Health workers on night shifts at the center are often saddled with the task of arranging people on the queue and trying to enforce social distancing. Meanwhile, the facility also provides emergency services, routine care for illnesses like malaria and typhoid, care of pregnant women, and immunization shots.
In my case, and from what I've heard from others, there was no information given about possible side effects, how the vaccine works, or post-vaccine shot monitoring.
"It is very calm here"
Turreff Hall in Donnington, a UK city 120 miles northwest of London, has been serving as a COVID-19 vaccination center for the area. Here, over 70% of people aged 12 and over have been fully vaccinated. In some age groups, more than 97% have been fully vaccinated.
It has been very easy to get vaccinated at the historic hall, which was built during the Second World War by the American army. You can show up anytime between 9am and 4pm.
When I visited at around 12:40pm on Oct. 1 - it happened to be Nigeria's Independence Day - I found an open space with empty chairs that were spaced a socially-distanced length apart.
The employees running the site told me that since most everyone in the area had been vaccinated, only a few people, especially visitors and foreigners, now visit for the shots. When locals show up, it's mostly those that qualify for booster doses.
"It is very calm here these days even though we have sufficient vaccine doses," one of the officials said.
Right away, I was given my vaccination shot and told about possible side-effects. Afterwards, I was told to wait for 15 minutes in one of the chairs in case I experienced any post-vaccination complications.
I got the Pfizer vaccine, although the Moderna and AstraZeneca vaccines were also available at different sites nearby.
'Ignoring a whole continent'
From early September, when universities prepared to begin their fall semester, there's been a surge in Nigerian students travelling to the UK, as well as confusion around the vaccination rules.
Since February, anyone arriving from Nigeria and other African countries - even if they were fully vaccinated - was required to show a negative COVID test before boarding a UK-bound airplane, and then isolate for 10 days upon arrival and submit to another two COVID tests.
This week the UK government announced that fully-vaccinated travelers from Nigeria would no longer be required to self-isolate or take multiple COVID tests.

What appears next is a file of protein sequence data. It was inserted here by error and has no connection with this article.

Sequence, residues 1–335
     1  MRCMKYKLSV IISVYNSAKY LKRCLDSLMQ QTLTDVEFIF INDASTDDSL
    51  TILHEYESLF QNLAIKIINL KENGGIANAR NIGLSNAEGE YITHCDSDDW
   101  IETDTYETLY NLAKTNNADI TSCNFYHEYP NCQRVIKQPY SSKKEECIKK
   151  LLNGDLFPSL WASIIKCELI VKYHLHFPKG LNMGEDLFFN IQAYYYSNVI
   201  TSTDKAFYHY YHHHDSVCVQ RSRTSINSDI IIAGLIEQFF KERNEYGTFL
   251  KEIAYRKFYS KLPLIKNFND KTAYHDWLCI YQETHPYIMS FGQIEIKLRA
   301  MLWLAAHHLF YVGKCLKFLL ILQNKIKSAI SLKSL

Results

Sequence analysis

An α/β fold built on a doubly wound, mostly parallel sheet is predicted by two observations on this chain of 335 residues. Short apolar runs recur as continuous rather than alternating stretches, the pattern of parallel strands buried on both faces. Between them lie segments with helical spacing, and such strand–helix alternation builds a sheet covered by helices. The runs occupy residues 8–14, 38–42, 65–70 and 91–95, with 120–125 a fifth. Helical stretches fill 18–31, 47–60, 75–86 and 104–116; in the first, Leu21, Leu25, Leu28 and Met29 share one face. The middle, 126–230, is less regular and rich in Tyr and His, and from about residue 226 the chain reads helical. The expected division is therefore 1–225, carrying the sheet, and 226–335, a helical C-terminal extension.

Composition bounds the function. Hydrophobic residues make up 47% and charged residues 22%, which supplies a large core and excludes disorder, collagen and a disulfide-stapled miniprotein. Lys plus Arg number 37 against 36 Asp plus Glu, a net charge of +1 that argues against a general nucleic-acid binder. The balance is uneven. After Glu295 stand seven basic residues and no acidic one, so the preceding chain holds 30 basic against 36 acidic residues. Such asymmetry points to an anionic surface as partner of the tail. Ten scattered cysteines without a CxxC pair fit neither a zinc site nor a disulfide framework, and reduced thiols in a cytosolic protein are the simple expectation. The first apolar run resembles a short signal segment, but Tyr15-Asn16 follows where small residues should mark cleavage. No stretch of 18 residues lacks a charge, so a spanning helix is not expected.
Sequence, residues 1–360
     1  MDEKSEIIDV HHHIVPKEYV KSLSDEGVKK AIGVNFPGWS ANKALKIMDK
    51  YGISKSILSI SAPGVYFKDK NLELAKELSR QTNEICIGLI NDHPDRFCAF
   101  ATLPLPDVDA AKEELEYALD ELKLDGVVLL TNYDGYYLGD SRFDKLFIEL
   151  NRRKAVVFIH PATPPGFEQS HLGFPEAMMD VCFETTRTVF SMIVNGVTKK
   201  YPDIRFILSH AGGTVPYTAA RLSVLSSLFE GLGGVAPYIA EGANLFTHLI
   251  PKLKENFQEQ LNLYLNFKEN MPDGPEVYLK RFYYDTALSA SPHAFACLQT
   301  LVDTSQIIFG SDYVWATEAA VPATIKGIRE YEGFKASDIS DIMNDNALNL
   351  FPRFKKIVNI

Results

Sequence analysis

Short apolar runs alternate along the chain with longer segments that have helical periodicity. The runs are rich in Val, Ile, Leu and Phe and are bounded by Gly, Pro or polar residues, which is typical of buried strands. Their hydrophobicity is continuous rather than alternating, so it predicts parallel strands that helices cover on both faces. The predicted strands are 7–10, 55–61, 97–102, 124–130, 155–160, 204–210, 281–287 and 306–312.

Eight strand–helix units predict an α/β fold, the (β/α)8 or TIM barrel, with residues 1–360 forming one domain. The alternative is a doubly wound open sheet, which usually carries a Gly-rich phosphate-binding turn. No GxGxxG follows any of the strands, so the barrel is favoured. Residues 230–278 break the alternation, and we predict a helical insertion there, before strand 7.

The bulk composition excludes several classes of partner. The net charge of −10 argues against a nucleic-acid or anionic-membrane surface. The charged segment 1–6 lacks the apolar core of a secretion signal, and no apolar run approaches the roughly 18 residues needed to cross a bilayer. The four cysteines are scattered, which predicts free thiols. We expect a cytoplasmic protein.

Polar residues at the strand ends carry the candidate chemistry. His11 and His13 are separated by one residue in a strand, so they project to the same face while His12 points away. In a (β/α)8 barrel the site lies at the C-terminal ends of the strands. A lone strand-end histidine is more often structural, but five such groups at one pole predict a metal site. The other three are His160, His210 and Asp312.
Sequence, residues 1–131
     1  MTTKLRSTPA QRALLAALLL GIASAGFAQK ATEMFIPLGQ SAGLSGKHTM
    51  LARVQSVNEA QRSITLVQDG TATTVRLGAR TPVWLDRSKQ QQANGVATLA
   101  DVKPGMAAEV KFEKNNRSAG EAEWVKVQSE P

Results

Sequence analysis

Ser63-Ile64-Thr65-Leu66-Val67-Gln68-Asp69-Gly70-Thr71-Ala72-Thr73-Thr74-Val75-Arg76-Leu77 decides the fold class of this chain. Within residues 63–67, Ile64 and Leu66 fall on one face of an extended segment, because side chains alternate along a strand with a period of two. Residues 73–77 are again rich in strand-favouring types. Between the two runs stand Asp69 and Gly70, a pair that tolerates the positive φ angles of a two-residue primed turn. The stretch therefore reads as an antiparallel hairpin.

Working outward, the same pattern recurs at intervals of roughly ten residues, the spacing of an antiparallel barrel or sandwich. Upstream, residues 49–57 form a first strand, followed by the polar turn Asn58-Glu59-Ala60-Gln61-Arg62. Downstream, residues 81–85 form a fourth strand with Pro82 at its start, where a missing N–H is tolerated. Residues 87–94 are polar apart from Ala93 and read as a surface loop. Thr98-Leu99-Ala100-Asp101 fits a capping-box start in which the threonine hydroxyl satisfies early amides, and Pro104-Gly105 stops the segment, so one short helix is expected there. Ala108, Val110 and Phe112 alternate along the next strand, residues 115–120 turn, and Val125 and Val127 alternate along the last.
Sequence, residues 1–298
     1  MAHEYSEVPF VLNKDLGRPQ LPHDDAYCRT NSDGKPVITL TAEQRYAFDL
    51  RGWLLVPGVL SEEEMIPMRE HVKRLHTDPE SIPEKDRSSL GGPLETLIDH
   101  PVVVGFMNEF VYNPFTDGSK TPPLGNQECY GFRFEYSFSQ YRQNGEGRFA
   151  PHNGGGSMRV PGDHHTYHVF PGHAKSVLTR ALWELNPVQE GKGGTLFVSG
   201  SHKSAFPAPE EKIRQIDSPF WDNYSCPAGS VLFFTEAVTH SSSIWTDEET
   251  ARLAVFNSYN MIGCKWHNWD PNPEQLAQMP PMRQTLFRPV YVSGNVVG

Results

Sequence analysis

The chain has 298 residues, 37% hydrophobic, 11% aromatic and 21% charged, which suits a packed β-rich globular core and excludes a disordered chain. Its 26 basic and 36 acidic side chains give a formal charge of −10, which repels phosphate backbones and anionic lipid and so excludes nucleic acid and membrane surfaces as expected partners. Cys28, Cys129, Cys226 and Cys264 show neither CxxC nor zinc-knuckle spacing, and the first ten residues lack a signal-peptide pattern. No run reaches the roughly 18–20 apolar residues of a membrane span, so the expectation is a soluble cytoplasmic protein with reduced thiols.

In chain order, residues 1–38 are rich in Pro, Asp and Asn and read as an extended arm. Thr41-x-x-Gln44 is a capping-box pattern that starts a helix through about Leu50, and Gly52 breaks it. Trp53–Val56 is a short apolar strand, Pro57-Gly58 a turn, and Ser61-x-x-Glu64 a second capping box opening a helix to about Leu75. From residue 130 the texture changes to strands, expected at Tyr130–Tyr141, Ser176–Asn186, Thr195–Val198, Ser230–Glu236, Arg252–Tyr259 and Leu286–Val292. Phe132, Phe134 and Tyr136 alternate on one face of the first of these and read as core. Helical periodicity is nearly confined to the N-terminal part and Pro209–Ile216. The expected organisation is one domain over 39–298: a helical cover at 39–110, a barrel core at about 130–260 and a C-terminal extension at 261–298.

The UK estimates that around 190,000 people born in Nigeria live in the UK, including around 10,000 university students.
"I was fully vaccinated before I came to the UK but it was very embarrassing to find out that the vaccination I received meant nothing to officials here," a Nigerian student in Birmingham, who asked not to be referred to by name, told me. During her quarantine, she said, she received a check-in visit from the UK's National Health Service. "At some point they indirectly threatened me when they said a Nigerian woman and her two kids were deported because they were not at home when the officials visited their address."
At the recently held General Assembly of the United Nations, several African leaders urged countries like the UK to urgently stop vaccine hoarding and share with African countries.
Ghana President Nana Akufo-Addo noted that around 900 million people in Africa need to be vaccinated in order to get to a level of vaccine coverage that the UK and other Western countries have attained.
This week, the head of the World Health Organization Tedros Adhanom Ghebreyesus told CNN that Western countries should delay administering booster shots until people around the world have access to the vaccine.
"To start boosters is really the worst we can do as a global community," he said. "It is unjust and also unfair because we will not stop the pandemic by ignoring a whole continent, and the continent that doesn't have any manufacturing capacity of other means."